Trafficking of Men and Boys

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Trafficking of Men and Boys


Human trafficking is a global problem that affects millions of people every year, regardless of their gender. However, the trafficking of men and boys is often overlooked and under-reported.

Trafficking of men and boys can take many forms, including forced labour, debt bondage, and sexual exploitation. Men and boys may be trafficked for a variety of reasons, such as to work in agriculture, construction, or other industries, or to be used in the sex trade.

One reason for the under-reporting of the trafficking of men and boys is that the focus is often on the trafficking of women and girls, which can make it difficult for men and boys to come forward and report their experiences. Men and boys may also feel ashamed or embarrassed to admit that they have been trafficked, especially if they were trafficked for the purpose of sexual exploitation.

It’s important to note that men and boys can be trafficked by both men and women and that trafficking is not a crime of desire, but a crime of power and control.

To address this issue, it’s crucial to raise awareness and educate the public about the realities of the trafficking of men and boys. This includes dispelling myths and stereotypes about men and trafficking, providing support and resources specifically for men and boys, and training professionals who work with trafficking victims to recognize and respond appropriately to the trafficking of men and boys.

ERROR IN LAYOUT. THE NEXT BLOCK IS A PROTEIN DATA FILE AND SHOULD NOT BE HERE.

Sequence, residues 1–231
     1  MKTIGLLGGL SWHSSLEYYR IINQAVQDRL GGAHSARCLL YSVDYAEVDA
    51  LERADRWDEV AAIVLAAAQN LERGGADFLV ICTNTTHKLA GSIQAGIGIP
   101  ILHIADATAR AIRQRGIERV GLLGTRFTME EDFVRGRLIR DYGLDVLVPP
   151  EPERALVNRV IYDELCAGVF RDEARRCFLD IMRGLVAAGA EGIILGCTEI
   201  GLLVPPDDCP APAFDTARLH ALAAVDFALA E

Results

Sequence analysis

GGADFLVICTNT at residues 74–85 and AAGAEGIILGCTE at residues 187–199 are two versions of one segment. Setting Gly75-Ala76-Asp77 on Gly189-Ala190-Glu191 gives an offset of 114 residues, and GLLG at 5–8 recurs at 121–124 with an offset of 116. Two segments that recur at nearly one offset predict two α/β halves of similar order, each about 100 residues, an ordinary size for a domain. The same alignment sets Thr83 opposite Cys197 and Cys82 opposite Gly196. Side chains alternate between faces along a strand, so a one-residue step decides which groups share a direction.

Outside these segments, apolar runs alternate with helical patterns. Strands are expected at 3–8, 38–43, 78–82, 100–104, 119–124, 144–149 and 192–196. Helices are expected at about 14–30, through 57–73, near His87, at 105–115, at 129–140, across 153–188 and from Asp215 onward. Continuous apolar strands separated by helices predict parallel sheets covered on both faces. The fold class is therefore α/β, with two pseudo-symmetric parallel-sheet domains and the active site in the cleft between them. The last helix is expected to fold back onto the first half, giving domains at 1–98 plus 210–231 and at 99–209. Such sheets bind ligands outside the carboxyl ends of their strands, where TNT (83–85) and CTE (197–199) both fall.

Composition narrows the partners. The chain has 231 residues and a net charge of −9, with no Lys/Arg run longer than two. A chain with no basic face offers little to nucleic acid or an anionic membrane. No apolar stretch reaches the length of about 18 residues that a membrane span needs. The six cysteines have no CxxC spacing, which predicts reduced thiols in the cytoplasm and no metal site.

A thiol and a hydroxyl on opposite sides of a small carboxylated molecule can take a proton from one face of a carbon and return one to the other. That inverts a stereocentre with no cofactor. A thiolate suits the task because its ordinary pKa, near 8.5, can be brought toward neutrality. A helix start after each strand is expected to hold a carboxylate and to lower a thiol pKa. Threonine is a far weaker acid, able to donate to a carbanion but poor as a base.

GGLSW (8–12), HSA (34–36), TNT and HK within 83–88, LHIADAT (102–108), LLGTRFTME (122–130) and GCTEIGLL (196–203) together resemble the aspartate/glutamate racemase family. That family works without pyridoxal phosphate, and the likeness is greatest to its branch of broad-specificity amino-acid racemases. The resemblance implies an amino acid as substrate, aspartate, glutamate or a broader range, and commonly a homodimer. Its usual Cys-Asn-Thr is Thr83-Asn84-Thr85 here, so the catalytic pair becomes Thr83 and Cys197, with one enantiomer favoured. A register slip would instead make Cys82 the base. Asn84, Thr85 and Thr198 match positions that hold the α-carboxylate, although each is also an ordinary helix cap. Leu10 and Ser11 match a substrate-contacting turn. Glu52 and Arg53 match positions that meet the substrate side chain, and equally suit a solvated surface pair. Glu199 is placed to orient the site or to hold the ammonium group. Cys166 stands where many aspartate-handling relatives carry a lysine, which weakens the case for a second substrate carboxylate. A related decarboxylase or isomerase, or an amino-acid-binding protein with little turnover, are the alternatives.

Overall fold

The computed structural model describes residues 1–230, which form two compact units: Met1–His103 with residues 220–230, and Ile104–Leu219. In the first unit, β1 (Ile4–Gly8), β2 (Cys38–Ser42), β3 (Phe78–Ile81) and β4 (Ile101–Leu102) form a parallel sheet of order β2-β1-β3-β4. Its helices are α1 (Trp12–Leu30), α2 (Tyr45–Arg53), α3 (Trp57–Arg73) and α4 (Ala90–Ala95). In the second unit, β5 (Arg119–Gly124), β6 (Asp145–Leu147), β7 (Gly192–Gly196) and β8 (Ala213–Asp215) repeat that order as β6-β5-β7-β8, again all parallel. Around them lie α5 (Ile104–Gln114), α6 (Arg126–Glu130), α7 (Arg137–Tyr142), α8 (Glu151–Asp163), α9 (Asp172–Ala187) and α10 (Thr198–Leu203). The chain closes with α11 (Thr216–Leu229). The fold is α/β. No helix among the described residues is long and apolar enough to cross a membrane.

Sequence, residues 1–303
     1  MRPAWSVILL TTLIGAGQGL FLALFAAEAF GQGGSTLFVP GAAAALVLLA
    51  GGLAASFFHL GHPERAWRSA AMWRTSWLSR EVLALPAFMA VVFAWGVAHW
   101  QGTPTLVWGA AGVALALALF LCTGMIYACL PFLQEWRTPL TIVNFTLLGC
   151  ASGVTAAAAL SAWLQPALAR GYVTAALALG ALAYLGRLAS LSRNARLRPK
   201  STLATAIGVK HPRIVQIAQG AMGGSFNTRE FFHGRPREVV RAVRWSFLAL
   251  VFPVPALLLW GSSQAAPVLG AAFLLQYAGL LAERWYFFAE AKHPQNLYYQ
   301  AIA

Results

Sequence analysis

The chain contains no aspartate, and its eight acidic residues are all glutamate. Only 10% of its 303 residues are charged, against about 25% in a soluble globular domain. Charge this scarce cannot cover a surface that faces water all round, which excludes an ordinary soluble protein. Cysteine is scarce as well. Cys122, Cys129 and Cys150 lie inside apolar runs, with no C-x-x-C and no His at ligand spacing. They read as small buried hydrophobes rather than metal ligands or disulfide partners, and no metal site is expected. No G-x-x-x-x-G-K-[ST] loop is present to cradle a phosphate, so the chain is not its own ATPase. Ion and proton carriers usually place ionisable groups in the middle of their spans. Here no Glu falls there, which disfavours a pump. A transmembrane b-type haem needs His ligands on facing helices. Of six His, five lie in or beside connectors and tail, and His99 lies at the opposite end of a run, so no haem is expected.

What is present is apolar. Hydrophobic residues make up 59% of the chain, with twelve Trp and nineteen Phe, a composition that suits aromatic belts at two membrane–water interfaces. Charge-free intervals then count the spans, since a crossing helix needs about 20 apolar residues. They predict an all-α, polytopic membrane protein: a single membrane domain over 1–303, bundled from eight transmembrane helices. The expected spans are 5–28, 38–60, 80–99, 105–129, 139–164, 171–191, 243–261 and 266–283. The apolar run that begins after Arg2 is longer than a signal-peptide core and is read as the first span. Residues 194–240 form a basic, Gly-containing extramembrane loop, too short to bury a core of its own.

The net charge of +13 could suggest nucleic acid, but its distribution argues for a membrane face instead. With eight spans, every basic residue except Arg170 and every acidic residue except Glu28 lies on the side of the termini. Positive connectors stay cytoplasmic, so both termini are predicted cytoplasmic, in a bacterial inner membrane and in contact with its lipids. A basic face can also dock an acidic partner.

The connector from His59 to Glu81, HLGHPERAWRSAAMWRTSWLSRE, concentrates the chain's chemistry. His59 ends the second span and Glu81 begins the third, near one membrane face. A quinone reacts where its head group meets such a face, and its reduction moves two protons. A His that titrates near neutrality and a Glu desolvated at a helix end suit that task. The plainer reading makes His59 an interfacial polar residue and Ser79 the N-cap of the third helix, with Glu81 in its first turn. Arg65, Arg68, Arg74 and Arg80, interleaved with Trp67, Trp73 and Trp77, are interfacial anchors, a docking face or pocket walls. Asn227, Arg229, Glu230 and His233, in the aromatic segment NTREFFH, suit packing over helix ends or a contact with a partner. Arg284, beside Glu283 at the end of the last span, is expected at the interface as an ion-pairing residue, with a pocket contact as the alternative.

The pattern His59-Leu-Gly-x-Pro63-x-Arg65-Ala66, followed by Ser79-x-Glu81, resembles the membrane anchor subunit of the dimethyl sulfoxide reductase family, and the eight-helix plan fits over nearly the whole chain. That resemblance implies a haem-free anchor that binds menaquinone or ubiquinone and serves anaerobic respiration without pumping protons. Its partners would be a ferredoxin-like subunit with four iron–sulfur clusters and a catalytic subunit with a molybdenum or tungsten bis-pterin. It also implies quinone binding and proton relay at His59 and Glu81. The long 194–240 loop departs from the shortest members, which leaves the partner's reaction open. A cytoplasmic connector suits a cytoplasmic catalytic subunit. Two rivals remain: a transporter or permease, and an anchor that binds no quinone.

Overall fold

It is also important to have a zero-tolerance policy for human trafficking and to provide equal access to resources and support for men, women, and non-binary individuals.

In addition, it’s important to have a broader and more inclusive definition of trafficking that includes all forms of exploitation and recognizes that men and boys can be victims of trafficking. This will help to ensure that men and boys who have been trafficked have access to the support and resources they need to heal and move forward.

In conclusion, human trafficking is a serious issue that affects people of all genders. Men and boys can also be victims of trafficking and their experiences should be acknowledged, respected, and addressed. By raising awareness and providing support and resources specifically for men and boys, we can help to break the cycle of trafficking and create a safer and more equitable society for all.

The author, Amartya Talukdar has Masters in engineering from IIT (BHU) Varanasi. He is a Men’s Rights Activist and a blogger, having interest in various fields.